Today on Health Talk, we’re talking virus detection: how scientists come to suspect a new virus and the steps they take to develop a test to confirm their suspicions.
Developing the first test for a new virus is a laborious process, one with which University of Minnesota assistant scientists Sunny Sonnabend and Lindsey Raymond in the U of M’s Veterinary Diagnostic Laboratory are intimately familiar. These two scientists are part of the U of M College of Veterinary Medicine (CVM) team behind the nation’s first porcine epidemic diarrhea virus (PEDV) rapid detection test, unveiled earlier this year.
Here’s what it takes to develop a test like no other:
Step 1: Suspect there’s a new virus in town.
Prior to this year, the coronavirus behind PEDV had only been observed in countries outside the United States. Somehow the virus managed to jump the Atlantic (or Pacific, as we still don’t know where the virus came from) and cause extreme diarrhea, vomiting and dehydration — often leading to mortality — in pigs across the nation. PEDV’s arrival didn’t just make for an unpleasant experience all around, but it also led to extreme concern over the hardiness of existing U.S. biosecurity measures intended to keep oversees viruses like PEDV from spreading to North America.
Step 2: Investigate ways to combat the virus.
Once a farmer suspected his pig might be infected, he turned to veterinarians to find out if the suspected illness was, in fact, PEDV. Veterinarians turned to the nation’s scientists and experts for help, realizing there was no test to detect whether an illness could be attributed with certainty to this new strain of PEDV.
Step 3: Start working on a test.
This is where the CVM team including Sonnabend and Raymond comes in. The lab began creating a test to detect PEDV. They started by investigating how the new virus was similar to existing viruses. They learned that PEDV was a 99 percent match for the PEDV strain previously seen in Asia and Europe. Test development began from there.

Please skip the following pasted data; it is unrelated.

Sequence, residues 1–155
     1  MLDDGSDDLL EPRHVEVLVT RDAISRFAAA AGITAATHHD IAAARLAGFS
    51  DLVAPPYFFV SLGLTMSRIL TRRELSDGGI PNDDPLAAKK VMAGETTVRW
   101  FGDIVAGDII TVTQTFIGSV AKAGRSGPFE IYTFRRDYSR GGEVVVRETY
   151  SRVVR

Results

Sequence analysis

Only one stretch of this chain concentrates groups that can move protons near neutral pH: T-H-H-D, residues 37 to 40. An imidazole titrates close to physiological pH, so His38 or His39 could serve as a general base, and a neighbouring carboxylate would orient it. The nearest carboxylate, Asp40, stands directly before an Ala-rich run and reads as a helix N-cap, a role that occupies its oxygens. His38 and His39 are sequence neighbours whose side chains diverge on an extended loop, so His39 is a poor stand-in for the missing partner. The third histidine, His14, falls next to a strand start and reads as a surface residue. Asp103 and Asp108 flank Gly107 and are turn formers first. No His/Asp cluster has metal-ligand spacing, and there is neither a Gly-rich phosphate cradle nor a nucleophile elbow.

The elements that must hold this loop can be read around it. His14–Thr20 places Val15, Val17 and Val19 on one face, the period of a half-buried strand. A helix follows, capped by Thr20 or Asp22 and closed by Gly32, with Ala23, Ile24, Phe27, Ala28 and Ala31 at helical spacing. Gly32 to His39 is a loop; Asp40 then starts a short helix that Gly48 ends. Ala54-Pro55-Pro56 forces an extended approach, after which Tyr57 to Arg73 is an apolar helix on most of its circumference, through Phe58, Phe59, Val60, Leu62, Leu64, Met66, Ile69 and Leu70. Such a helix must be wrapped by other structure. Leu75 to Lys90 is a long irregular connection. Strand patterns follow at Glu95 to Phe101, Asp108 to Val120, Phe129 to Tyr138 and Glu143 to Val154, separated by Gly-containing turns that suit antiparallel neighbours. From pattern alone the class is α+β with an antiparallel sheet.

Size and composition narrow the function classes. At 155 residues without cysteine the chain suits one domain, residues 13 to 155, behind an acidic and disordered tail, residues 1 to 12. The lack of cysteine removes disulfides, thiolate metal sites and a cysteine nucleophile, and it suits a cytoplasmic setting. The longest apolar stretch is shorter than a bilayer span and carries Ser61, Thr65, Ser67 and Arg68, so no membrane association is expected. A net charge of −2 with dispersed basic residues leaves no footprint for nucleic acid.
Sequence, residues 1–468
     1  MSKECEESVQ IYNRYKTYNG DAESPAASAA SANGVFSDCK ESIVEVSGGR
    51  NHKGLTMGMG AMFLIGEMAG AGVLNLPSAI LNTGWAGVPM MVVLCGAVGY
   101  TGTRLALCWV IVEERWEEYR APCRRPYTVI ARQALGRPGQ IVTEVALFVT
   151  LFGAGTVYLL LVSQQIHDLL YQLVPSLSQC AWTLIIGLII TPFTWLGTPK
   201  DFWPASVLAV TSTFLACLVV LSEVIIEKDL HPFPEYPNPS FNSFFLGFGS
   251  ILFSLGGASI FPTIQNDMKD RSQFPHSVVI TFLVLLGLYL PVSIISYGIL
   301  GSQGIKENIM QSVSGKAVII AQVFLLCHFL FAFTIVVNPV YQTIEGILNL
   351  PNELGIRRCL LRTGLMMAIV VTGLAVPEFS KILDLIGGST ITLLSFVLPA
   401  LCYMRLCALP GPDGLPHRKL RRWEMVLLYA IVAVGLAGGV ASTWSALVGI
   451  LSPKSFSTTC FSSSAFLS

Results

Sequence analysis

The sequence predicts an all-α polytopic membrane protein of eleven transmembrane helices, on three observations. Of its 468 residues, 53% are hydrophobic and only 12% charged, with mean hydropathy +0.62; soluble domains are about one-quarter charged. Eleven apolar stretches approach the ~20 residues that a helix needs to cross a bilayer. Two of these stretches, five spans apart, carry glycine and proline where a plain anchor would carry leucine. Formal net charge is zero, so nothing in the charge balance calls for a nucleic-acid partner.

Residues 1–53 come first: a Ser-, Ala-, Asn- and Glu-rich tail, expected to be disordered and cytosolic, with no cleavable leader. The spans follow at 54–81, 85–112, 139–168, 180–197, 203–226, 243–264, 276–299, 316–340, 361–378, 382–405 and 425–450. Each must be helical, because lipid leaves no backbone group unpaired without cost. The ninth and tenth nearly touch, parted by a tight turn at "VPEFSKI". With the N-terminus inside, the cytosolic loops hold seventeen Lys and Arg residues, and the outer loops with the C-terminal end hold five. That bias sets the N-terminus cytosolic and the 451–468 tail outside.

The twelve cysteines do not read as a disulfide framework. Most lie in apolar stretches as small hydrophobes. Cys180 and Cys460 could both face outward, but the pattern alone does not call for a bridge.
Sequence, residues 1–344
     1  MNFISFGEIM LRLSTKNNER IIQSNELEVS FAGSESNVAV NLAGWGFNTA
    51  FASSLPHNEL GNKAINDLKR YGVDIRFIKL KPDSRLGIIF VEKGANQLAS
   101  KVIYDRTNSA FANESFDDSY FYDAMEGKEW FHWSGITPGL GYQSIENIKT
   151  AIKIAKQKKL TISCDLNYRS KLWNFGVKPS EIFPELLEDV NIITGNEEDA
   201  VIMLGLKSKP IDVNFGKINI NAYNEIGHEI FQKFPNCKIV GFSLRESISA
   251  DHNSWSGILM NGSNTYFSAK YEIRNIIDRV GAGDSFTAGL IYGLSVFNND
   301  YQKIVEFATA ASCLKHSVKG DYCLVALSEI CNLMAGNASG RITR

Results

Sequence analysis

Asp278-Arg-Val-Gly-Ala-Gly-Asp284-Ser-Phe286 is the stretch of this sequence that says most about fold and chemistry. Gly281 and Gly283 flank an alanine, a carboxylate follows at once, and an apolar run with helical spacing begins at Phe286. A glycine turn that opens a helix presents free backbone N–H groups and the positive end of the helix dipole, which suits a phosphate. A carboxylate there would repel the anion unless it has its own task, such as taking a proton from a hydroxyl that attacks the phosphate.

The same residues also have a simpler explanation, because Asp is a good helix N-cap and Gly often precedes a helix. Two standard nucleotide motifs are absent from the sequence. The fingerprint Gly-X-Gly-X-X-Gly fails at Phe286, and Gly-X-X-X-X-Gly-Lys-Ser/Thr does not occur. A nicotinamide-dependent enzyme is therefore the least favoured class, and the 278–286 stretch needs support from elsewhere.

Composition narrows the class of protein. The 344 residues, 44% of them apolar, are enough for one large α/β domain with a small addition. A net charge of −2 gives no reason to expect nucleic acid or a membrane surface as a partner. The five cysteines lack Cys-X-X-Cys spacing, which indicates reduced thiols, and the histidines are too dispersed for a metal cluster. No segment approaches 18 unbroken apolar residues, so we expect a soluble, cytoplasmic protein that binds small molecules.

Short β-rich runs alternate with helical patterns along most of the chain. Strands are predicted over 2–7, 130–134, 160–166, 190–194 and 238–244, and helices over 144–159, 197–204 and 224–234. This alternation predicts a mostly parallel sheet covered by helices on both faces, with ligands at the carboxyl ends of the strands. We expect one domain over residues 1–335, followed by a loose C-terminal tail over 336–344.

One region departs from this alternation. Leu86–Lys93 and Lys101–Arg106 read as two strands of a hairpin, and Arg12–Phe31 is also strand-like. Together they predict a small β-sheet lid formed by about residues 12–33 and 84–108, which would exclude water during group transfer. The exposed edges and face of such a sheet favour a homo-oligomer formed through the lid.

The aim was to be able to routinely detect one particular section of ribonucleic acid (RNA), the carrier of a virus’ genetic information in many cases, with a high level of accuracy.
To do that, scientists extracted RNA from pig tissues found in the feces or intestines of animals presumably dead because of PEDV. Tissue samples were mashed up and spun down, in a repeated process that broke the cells open, added liquid and removed unwanted, additional bacteria. The end result was a few milliliters of purified and testable material.
To improve researchers’ ability to detect a hard-to-see section of RNA indicative of PEDV, the “clean” solution was then mixed with virus-detecting “primers” to amplify any trace of the virus to a detectable level.
The primers enabled the virus to replicate to a level that researchers could see with their bare eyes—or, in cases where the virus wasn’t present, not see at all. A peak in the test results graph was a confirmation of PEDV. A flat graph meant no PEDV in the sample at all.
“Probes” were later added to the test to allow computer-detection of the virus in lieu of having a researcher read each test result manually.
With the probes, primers, tissue sample and fully developed test in hand; the Veterinary Diagnostic Lab is now able to assess around 300 samples per hour for signs of PEDV. Within 24 hours, pig farmers and producers can learn if PEDV is at the root of the problem and begin taking steps to avoid spreading the virus further, if need be. Virus detection test completed, the CVM can proudly check the first step in prevention – early detection – off the list.